Doug Cook

Not Your Grandmother’s Nutrition

As a published author, freelance writer and dietetic consultant, as well as in his role as Interim Dietitian-in-Chief at Toronto’s Centre for Addiction and Mental Health, Doug Cook incorporates research evidence into every aspect of his work. That evidence helps inform his approach to Functional Nutrition Therapy.

“Functional nutrition therapy is not your grandmother’s nutrition,” the Registered Dietitian and former Certified Diabetes Educator explained. “It’s not about making generic statements about ‘balance, variety or moderation’ nor is it a myopic view on just grams of protein, fat and carbs. A ‘generally healthy diet’ will not hit the mark; it rarely addresses optimal functionality since nutrient guidelines are designed to prevent overt deficiencies rather than ensure optimal metabolism.

Instead, Doug focuses on patient-focused care, integration of evidence and disease prevention. “Being your best self and having best health requires a more holistic and comprehensive approach.”

Of course, building on that base of evidence requires significant reading and critical thinking. “I’m a bit of a nerd and read at the expense of everything else,” Doug shared. “I take a buffet approach and subscribe to Google alerts, RSS feeds from PhDs and MDs, PubMed and I also go to a lot of presentations at conferences such as the annual Dietitians of Canada event. A lot of the information is preliminary without clinical application, but I keep the scope in mind.”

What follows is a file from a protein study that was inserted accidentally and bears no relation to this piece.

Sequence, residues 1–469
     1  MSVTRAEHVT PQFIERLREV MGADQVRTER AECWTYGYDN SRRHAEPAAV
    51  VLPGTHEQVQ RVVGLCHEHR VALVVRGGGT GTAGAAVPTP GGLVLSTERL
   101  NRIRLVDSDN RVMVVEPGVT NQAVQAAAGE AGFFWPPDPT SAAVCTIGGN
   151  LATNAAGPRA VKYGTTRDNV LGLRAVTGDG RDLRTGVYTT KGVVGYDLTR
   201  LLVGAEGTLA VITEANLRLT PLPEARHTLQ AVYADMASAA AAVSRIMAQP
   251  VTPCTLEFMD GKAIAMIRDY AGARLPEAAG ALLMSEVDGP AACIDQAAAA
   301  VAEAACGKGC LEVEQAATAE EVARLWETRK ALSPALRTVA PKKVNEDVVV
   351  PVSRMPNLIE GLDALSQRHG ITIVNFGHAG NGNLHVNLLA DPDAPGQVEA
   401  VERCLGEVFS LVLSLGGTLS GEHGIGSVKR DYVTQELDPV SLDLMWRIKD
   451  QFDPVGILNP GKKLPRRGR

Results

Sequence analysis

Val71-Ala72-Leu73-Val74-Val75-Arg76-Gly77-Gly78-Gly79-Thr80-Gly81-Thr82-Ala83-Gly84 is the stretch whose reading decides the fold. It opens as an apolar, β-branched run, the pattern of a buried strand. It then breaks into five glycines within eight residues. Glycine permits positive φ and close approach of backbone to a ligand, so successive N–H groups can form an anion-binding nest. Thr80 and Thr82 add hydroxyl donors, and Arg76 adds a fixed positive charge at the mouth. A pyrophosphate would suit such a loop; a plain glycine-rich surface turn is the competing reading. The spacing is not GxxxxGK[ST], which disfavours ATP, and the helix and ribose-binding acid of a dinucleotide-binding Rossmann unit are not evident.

Being your best self and having best health requires a more holistic and comprehensive approach.

That scope comes into play in Doug’s day-to-day interactions with patients. “As an example, the old approach to addressing patients with irritable bowel syndrome was to instruct them to eat more fibre and lower stress. Now, we know about fermentable oligo-saccharides, di-saccharides, mono-saccharides and polyols—or FODMAPs—that are specific carbohydrates that can cause irritation to the bowels. I can work with patients to eliminate specific FODMAPs and gauge improvements, but I also consider their sleeping, stress levels, potential organic disease, protein pump inhibitors they might using or nonsteroidal anti-inflammatory drugs (NSAIDs) they might be taking that could irritate the gut. I look at the entire picture of their health and medications.”

With his evidence-based holistic approach, Doug is a proponent of continued food and nutrition research. “Dietitians rely on a growing body of research evidence to ensure that we always strive to deliver the best possible information to our clients and to the public,” he said. “That’s why continued support of CFDR is critical.”

© Canadian Foundation for Dietetic Research 2016.